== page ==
4. Encouraging faculty members to adopt, and innovate with, new technology for teaching and learning.
5. Advancing innovation in teaching and learning with technology in an era of budget cuts.

Project wiki: Top Teaching and Learning Challenges, 2009 Wiki

Written by Al Stevens

January 13th, 2009 at 7:01 pm

Ancient Rome Curriculum Competition

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In early December, Google announced a Curriculum Competition to combine Google Earth Rome 3D content with traditional classroom curricula.

Rome 3D is based on Rome Reborn, an international initiative whose goal is the creation of 3D digital models illustrating the urban development of ancient Rome from the first settlement in the late Bronze Age (ca. 1000 B.C.) to the depopulation of the city in the early Middle Ages (ca. A.D. 550).

Submissions are due by February 9, 2009. The Submission guidelines, from the Google site, are:

Submissions to the Google Ancient Rome 3D Curriculum Competition will be judged based on the following elements:

* Educational value
* Creativity
* Clarity, organization, and resources used
* Use of Ancient Rome 3D layer in Google Earth

Winners will be chosen in each of three curriculum areas:

1. Geography/social studies/history
2. Art/design/pre-architecture/engineering/math/science
3. Literature/language arts/English/philosophy.

One K-8 and one 9-12 submission will be chosen as a winner in each subject matter group.

Rome Reborn website at Institute for Advanced Technology in the Humanities (IATH) of the University of Virginia: Rome Reborn

Google Earth Ancient Rome site: Ancient Rome 3D

Contest site:  Ancient Rome 3D Curriculum Competition

Written by Al Stevens

January 13th, 2009 at 1:23 pm

Clickers as Discussion Facilitators

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A research report in Science, Why Peer Discussion Improves Student Performance on In-Class Concept Questions (subscription required), reports that clickers used in the classroom (see clickers in the classroom for a review) can help students arrive at conceptual understanding on their own through the process of group discussion and debate.  According to the authors of the study, most instructors report that the percentage of correct answers almost always increases after peer discussion. They go on to say that it has been generally assumed that active engagement of students during discussion with peers, some of whom know the correct answer, leads to increased conceptual understanding, resulting in improved performance after PI.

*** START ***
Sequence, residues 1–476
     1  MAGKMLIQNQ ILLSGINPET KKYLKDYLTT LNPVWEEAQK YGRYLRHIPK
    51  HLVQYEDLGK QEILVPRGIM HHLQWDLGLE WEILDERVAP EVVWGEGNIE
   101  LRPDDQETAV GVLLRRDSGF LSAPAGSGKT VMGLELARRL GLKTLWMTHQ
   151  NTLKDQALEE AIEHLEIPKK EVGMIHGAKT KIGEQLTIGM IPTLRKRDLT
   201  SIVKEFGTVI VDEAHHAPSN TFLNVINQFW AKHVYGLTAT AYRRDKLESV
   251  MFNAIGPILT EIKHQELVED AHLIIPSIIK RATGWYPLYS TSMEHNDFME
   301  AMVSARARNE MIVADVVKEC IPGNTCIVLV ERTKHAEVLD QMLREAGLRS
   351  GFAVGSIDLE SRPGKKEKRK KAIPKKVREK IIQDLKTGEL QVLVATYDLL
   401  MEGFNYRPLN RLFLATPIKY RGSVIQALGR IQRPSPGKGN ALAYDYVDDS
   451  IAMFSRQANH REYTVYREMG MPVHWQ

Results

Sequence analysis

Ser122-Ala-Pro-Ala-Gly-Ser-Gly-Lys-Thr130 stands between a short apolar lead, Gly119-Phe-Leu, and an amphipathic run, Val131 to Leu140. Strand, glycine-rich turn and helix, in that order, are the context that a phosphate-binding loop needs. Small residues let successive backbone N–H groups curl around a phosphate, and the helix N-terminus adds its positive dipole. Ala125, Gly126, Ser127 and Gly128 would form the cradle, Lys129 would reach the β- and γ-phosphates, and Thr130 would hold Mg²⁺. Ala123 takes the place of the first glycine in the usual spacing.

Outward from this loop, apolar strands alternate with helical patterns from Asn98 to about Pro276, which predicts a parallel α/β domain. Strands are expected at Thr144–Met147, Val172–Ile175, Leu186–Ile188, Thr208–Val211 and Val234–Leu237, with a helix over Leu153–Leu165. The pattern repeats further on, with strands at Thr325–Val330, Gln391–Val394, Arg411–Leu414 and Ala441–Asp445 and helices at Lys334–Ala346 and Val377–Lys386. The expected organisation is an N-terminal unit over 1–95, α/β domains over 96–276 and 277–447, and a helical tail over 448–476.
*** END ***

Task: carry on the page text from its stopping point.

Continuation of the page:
In this study, students were asked to answer the question a second time after their peer discussion, but also to answer a different, conceptually related question. Neither the correct answer, nor the student responses were shown between questions. The authors conclude that “our results suggest that peer discussion can be effective for understanding difficult concepts even when no one in the group initially knows the correct answer.”

One of their students, quoted in the study says it pretty well: “Often when talking through the questions, the group can figure out the questions without originally knowing the answer, and the answer almost sticks better that way because we talked through it instead of just hearing the answer.”

Written by Al Stevens

January 12th, 2009 at 6:44 pm

Educational Technology

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For work related reasons, I need to get up to speed on educational technology. I was once actively working on simulation based teaching and training systems, but haven’t kept up for the last 10-20 years. A lot has changed. This will be challenging, but I hope fun and rewarding. Posts to follow as I find articles and resources that interest me.

Diving in…

Written by Al Stevens

January 12th, 2009 at 4:00 pm